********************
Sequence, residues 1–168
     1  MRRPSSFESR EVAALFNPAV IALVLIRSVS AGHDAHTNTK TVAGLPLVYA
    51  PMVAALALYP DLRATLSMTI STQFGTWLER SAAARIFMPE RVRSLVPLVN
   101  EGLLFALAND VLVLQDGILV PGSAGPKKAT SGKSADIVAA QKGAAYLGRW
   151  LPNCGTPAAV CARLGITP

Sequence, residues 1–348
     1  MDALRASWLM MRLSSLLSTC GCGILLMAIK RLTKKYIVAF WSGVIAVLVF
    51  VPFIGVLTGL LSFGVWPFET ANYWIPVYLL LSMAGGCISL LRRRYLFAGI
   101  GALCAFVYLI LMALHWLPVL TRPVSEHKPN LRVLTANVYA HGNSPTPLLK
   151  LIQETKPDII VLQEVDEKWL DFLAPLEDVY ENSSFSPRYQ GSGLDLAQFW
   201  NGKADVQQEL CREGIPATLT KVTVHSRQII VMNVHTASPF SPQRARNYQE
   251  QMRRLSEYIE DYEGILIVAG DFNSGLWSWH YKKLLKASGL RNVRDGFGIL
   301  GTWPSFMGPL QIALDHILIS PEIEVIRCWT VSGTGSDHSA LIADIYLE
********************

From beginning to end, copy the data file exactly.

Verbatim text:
Sequence, residues 1–168
     1  MRRPSSFESR EVAALFNPAV IALVLIRSVS AGHDAHTNTK TVAGLPLVYA
    51  PMVAALALYP DLRATLSMTI STQFGTWLER SAAARIFMPE RVRSLVPLVN
   101  EGLLFALAND VLVLQDGILV PGSAGPKKAT SGKSADIVAA QKGAAYLGRW
   151  LPNCGTPAAV CARLGITP

Sequence, residues 1–348
     1  MDALRASWLM MRLSSLLSTC GCGILLMAIK RLTKKYIVAF WSGVIAVLVF
    51  VPFIGVLTGL LSFGVWPFET ANYWIPVYLL LSMAGGCISL LRRRYLFAGI
   101  GALCAFVYLI LMALHWLPVL TRPVSEHKPN LRVLTANVYA HGNSPTPLLK
   151  LIQETKPDII VLQEVDEKWL DFLAPLEDVY ENSSFSPRYQ GSGLDLAQFW
   201  NGKADVQQEL CREGIPATLT KVTVHSRQII VMNVHTASPF SPQRARNYQE
   251  QMRRLSEYIE DYEGILIVAG DFNSGLWSWH YKKLLKASGL RNVRDGFGIL
   301  GTWPSFMGPL QIALDHILIS PEIEVIRCWT VSGTGSDHSA LIADIYLE